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Desperately Seeking Sons: James, Madeleine and Mary

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King James V came into his inheritance at the tender age of 18 months, after his father died at the Battle of Flodden. His youth was spent with various Scottish Lords, including his stepfather, fighting out for custody and control of the young King. At the age of sixteen he managed to escape his stepfather and declared his minority over, although he still struggled against competing factions at his court.

Various marriages were proposed for the young King, including Catherine de Medici (who would become Queen of France), the widowed Mary of Hungry (who refused as she had loved her first husband too much to consider remarrying), and James' cousin the English princess Mary Tudor (daughter of Henry VIII and Catherine of Aragon).

But ultimately the Treaty of Rouen, signed with the French, promised a French princess for the King. However negotiations for a French match ultimately led to an agreement for James to marry Mary of Bourbon, who would be given a dowry the equivalent of a princess to make up for her lack of close royal blood. In September 1536 James sailed from Scotland to visit France and meet his proposed bride in person.

Madeleine of Valois

As the daughter of King Francis I of France and his wife Claude, Duchess of Brittany in her own right (and technically Queen of France in her own right, her father was the late King), Madeleine of Valois grew up in a wealthy and cultured court. Her paternal aunt Marguerite and her paternal grandmother Louise of Savoy were highly educated women. Marguerite became Queen of Navarre and was famous for her learning, while Louise had a reputation as a diplomat and acted as regent several times while Francis was at war.

Portrait of Madeleine of Valois, wearing a black dress with white fur sleeves.With rolemodels like this it's no wonder that Madeleine would declare that she wanted to be a Queen. But like many of her siblings she was in poor health. Of her six siblings, Louise and Charlotte had died in childhood, and Francis died aged 18. Madeleine's health was so poor that she was raised with her younger sister Margaret in the warmer climate of the Loire Valley.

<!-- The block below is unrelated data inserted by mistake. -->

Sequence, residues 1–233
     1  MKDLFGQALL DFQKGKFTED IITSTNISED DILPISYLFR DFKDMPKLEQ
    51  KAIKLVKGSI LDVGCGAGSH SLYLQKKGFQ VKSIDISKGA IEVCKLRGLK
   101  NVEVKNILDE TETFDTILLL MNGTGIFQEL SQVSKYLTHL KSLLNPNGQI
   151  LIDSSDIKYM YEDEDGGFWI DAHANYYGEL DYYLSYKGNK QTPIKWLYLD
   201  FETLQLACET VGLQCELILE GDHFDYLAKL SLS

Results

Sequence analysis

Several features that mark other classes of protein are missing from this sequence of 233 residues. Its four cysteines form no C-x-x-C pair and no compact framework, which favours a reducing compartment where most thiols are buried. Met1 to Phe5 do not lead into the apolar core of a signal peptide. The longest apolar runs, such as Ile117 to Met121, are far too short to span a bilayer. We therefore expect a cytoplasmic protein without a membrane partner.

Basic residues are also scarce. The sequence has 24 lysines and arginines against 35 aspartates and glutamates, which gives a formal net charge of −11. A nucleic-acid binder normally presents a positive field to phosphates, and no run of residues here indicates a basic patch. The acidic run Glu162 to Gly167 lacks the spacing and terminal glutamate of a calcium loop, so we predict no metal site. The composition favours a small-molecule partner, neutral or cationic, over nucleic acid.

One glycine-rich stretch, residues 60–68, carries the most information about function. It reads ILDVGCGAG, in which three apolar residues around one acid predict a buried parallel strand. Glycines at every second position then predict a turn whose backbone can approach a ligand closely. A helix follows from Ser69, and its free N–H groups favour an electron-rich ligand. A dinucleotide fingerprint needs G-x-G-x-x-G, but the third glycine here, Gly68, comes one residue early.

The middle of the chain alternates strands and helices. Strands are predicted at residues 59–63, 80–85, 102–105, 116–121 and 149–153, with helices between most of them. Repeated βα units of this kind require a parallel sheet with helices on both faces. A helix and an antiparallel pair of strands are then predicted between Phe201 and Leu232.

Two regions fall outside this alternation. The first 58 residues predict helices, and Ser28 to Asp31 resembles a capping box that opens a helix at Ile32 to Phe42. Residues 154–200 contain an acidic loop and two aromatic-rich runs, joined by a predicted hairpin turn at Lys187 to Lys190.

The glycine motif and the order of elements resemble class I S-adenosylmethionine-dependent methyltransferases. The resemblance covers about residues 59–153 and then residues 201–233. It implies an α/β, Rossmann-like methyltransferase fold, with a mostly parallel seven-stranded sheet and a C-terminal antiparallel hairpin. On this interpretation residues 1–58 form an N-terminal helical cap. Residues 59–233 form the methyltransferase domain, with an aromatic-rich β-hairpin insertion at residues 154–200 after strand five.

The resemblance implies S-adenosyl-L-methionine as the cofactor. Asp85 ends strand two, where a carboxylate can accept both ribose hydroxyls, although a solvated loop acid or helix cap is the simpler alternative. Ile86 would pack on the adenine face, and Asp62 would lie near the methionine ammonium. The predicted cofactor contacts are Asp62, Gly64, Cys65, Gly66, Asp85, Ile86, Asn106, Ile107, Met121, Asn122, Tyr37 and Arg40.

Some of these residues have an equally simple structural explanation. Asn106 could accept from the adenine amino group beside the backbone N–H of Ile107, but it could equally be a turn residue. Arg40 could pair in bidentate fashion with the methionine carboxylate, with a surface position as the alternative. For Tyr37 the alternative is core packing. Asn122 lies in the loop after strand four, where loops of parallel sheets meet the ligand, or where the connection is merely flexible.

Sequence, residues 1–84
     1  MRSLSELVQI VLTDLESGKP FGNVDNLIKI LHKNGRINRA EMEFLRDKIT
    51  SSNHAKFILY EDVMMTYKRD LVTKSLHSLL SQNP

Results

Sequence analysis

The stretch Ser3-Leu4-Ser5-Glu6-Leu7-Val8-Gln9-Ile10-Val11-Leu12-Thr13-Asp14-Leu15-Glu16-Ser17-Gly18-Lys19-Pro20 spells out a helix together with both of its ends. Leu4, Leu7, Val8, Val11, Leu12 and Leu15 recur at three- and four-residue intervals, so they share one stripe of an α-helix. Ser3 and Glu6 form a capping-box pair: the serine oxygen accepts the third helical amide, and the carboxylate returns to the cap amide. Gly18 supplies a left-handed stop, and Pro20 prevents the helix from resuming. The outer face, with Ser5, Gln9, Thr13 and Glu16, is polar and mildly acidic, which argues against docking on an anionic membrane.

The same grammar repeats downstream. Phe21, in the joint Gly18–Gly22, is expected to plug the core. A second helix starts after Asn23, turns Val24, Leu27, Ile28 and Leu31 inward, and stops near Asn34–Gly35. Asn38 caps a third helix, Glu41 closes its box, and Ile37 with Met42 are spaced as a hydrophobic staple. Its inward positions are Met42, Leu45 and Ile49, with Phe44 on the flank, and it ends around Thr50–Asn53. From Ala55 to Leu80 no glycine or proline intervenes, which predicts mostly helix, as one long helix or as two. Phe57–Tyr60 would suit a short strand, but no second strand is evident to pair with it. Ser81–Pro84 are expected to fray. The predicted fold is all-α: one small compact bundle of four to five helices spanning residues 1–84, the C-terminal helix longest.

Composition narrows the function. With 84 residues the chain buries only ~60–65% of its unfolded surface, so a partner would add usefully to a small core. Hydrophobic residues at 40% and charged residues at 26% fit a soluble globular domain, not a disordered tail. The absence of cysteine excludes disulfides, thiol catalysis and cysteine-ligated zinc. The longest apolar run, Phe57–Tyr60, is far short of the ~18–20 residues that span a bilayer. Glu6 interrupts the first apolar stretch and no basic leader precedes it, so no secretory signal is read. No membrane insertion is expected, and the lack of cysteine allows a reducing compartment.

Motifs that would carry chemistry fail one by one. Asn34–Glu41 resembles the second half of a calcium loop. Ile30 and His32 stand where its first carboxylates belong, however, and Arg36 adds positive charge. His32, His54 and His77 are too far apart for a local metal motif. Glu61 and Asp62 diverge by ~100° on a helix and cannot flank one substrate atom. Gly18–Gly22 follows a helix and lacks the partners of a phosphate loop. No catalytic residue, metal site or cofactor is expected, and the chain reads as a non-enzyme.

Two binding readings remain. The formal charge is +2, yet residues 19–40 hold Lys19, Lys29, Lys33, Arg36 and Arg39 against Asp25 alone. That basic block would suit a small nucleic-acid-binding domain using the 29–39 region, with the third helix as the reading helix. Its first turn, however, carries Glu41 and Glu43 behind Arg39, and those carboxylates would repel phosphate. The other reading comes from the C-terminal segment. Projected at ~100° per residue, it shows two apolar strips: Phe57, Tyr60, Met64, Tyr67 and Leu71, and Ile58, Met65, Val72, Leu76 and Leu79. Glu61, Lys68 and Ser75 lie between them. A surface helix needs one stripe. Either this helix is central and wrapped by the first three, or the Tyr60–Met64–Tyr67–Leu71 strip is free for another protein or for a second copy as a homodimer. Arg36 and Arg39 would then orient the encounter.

In the long run though it didn't help. By the time she was teenager Madeleine hacontracted tuberculosis. She may have caught it in childhood, or perhaps her weak immune system meant she was particularly susceptible to infection. There was no cure, and all that could be done for her was to keep her away from the risk of making it worse, such as avoiding the cold and damp.

When King James arrived in France to see his future bride, Mary of Bourbon, he instead fell in love with Princess Madeleine. But when he asked permission to marry her instead King Francis refused. Scotland was a damp and cold country, exactly the kind of conditions that would make her health worse. That might have been the end of the matter if it hadn't been for Madeleine herself. She wanted to be Queen and James had a crown for her. Francis, her family, and the court all tried to dissuade her but she and James had fallen in love and insisted they wanted to be together.

In the end Francis relented. The wedding was held on 1st January 1537 in the great Notre Dame Cathedral in Paris. The usual feasting and celebrations were held, and then everyone began a long, slow journey to the north coast to embark for Scotland. Already there were worrying signs that all wasn't well with Madeleine. By the time they reached Rouen she was so ill that they had to wait a month for her to be sufficiently recovered before moving on.

On 11th May Madeleine and James boarded the ship at Dieppe that would take them to Madeleine's new home. After several days of bad weather that delayed them further, they arrived at Leith on the 19th, where Madeleine promptly sank down and kissed the sand, grateful that they had survived the journey.

The Scots took a shine to their new Queen, but in the background her health continued to cause problems. Letters were dispatched to her father asking him to send another French doctor for her, while James held regular consultations with his own medical team about his wife's health. Despite this plans were made for her coronation. On 8th June Madeleine wrote to her father stating that she felt much better, but a month later she took a turn for the worst and died at Holyroodhouse Palace with her husband at her side. James had her buried at Holyroodhouse Abbey and mourned her sincerely, but he was still childless and now the pressure was on to find a replacement wife as quickly as possible.

Mary of Guise

James may have been hoping that he could have Madeleine's sister Margaret as his second wife, but if he did then Francis was opposed to the idea. Margaret was his last surviving daughter and he had no intention of sending her off to Scotland to die like her sister. Instead he proposed an alternative bride – the recently widowed Mary of Guise.